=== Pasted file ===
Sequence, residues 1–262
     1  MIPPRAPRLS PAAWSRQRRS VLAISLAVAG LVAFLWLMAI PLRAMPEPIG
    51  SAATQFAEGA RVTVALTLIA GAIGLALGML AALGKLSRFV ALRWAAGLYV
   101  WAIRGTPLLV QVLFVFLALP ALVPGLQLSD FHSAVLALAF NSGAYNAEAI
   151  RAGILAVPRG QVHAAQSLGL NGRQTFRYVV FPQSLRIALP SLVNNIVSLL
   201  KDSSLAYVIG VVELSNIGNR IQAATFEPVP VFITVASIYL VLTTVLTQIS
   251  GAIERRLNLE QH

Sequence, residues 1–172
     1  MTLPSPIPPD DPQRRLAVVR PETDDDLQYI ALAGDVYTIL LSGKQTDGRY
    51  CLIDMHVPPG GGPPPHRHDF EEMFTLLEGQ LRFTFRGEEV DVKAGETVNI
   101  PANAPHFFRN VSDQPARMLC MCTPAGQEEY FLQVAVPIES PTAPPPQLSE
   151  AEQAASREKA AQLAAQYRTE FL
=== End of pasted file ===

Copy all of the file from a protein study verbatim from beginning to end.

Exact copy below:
Sequence, residues 1–262
     1  MIPPRAPRLS PAAWSRQRRS VLAISLAVAG LVAFLWLMAI PLRAMPEPIG
    51  SAATQFAEGA RVTVALTLIA GAIGLALGML AALGKLSRFV ALRWAAGLYV
   101  WAIRGTPLLV QVLFVFLALP ALVPGLQLSD FHSAVLALAF NSGAYNAEAI
   151  RAGILAVPRG QVHAAQSLGL NGRQTFRYVV FPQSLRIALP SLVNNIVSLL
   201  KDSSLAYVIG VVELSNIGNR IQAATFEPVP VFITVASIYL VLTTVLTQIS
   251  GAIERRLNLE QH

Sequence, residues 1–172
     1  MTLPSPIPPD DPQRRLAVVR PETDDDLQYI ALAGDVYTIL LSGKQTDGRY
    51  CLIDMHVPPG GGPPPHRHDF EEMFTLLEGQ LRFTFRGEEV DVKAGETVNI
   101  PANAPHFFRN VSDQPARMLC MCTPAGQEEY FLQVAVPIES PTAPPPQLSE
   151  AEQAASREKA AQLAAQYRTE FL